Rest in Peace, Nalini Ambady.

Yesterday, the field of Social Psychology lost a true pioneer. Nalini Ambady, professor of psychology at Stanford, passed away at the far-too-young age of 54 after a long battle with leukemia. She was the first Indian-American woman to teach psychology at Harvard, Tufts, and Stanford, and she is best known for her groundbreaking work on person perception.


Ambady’s research, which she conducted along with many illustrious colleagues such as Robert Rosenthal, Nicholas Rule, and Jon Freeman, established that we can form accurate impressions of other people very quickly, even by just viewing “thin slices” of their behavior in as little as 6 seconds. Examples of these “thin slices” include the ability for people to quickly and accurately predict college professor evaluations, sexual orientation, sales effectiveness, power, success, a CEO’s company profits, and even political orientation just from looking at pictures of people’s faces or viewing incredibly brief video clips.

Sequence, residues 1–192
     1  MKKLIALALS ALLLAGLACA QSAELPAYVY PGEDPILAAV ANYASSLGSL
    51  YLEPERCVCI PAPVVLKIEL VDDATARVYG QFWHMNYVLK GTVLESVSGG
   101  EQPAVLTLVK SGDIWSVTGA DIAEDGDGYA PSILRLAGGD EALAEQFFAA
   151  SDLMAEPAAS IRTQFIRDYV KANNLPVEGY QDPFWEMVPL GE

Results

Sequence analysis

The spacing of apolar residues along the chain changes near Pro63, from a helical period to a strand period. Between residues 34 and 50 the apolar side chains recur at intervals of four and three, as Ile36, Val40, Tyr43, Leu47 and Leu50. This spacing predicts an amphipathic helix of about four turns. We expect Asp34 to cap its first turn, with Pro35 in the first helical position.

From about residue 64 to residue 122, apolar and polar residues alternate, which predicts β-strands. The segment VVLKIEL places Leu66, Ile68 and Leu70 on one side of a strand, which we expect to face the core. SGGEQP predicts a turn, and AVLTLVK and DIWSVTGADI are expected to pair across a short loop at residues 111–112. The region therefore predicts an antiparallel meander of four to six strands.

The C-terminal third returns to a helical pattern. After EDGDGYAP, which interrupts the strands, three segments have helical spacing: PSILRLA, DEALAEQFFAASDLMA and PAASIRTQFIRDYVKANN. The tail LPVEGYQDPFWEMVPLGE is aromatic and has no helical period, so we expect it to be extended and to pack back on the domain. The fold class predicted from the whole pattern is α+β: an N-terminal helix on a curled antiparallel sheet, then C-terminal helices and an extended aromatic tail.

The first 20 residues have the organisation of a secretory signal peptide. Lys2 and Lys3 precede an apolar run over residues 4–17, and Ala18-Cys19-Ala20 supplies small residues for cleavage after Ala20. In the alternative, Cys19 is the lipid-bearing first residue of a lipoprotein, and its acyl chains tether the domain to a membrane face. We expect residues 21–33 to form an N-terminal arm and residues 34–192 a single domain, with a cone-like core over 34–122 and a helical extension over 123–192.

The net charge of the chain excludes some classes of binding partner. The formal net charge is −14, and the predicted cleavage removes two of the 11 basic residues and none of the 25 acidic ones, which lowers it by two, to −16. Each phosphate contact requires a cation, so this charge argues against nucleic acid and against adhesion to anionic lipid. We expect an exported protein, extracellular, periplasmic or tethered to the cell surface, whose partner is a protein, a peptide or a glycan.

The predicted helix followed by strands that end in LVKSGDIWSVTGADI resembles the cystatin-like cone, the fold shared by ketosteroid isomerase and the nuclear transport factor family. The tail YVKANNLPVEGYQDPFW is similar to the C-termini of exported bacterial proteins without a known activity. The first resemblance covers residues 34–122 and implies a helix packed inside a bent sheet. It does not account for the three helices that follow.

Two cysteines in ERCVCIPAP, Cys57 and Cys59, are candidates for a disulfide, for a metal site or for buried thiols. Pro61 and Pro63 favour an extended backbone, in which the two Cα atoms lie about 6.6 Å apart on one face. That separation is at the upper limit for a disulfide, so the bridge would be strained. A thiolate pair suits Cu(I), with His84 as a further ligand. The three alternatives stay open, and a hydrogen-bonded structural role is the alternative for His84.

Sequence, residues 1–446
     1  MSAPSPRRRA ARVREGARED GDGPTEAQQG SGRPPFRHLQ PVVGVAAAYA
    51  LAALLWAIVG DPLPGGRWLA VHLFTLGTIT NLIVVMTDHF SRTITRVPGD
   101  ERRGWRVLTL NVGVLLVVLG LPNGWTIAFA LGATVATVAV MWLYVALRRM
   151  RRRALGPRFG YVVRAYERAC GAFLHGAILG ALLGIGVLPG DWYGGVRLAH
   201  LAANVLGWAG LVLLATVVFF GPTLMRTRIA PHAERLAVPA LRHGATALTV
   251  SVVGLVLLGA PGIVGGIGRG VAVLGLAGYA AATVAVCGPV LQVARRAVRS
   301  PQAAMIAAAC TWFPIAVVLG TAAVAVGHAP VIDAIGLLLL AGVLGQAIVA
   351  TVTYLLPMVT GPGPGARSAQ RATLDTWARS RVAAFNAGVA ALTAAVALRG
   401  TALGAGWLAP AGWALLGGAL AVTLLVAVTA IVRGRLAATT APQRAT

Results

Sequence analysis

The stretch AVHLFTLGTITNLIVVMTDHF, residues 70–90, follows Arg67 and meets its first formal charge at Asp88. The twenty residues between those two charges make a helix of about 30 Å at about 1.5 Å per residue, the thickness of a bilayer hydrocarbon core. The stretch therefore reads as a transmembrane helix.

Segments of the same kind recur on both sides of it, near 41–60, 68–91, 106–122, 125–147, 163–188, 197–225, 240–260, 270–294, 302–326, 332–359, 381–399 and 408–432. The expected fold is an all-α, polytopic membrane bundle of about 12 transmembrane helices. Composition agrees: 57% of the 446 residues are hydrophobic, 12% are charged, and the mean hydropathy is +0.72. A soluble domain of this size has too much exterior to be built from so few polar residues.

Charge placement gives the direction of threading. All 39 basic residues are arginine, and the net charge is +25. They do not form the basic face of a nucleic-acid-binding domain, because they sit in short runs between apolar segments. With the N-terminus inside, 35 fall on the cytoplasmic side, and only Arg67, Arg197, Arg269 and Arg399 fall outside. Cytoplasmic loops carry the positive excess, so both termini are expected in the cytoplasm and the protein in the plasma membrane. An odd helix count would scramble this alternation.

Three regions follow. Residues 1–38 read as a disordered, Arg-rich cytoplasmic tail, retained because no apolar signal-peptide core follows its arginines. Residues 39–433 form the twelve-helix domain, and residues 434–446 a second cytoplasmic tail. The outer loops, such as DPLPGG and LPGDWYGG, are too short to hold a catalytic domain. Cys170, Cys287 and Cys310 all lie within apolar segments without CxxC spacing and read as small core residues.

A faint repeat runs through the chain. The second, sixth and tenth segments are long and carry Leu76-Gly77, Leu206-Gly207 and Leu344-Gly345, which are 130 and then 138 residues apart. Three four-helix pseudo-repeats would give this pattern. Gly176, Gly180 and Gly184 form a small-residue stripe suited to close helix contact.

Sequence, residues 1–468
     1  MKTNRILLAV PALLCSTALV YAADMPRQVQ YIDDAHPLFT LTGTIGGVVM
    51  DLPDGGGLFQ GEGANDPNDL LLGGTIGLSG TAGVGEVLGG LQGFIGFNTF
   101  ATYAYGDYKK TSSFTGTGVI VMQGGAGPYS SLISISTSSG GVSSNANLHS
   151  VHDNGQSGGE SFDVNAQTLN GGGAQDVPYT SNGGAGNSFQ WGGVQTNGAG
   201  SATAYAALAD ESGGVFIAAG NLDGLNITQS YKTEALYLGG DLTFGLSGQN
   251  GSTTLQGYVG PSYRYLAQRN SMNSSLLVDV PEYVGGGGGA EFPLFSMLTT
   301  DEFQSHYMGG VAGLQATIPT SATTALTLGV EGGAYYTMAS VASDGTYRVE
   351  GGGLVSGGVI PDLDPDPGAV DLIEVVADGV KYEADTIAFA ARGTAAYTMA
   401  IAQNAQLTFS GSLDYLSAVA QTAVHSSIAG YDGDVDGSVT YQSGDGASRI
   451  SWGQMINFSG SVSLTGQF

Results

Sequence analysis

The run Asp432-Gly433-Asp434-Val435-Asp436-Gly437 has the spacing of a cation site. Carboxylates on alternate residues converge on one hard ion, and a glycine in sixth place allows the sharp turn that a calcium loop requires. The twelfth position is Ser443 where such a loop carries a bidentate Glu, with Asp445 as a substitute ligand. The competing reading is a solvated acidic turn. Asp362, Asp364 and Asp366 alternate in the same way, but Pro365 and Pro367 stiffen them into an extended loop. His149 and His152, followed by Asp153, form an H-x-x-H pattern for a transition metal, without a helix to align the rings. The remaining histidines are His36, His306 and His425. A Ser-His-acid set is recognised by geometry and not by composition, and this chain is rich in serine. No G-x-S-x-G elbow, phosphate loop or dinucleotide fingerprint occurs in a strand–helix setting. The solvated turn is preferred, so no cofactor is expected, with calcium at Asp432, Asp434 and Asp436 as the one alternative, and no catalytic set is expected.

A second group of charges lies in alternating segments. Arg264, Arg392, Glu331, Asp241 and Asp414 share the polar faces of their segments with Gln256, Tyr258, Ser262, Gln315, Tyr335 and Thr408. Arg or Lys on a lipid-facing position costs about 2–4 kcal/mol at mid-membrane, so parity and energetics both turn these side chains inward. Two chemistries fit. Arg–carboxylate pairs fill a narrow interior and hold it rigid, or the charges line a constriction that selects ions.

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Date added: 
Wednesday, October 30, 2013 - 9:30am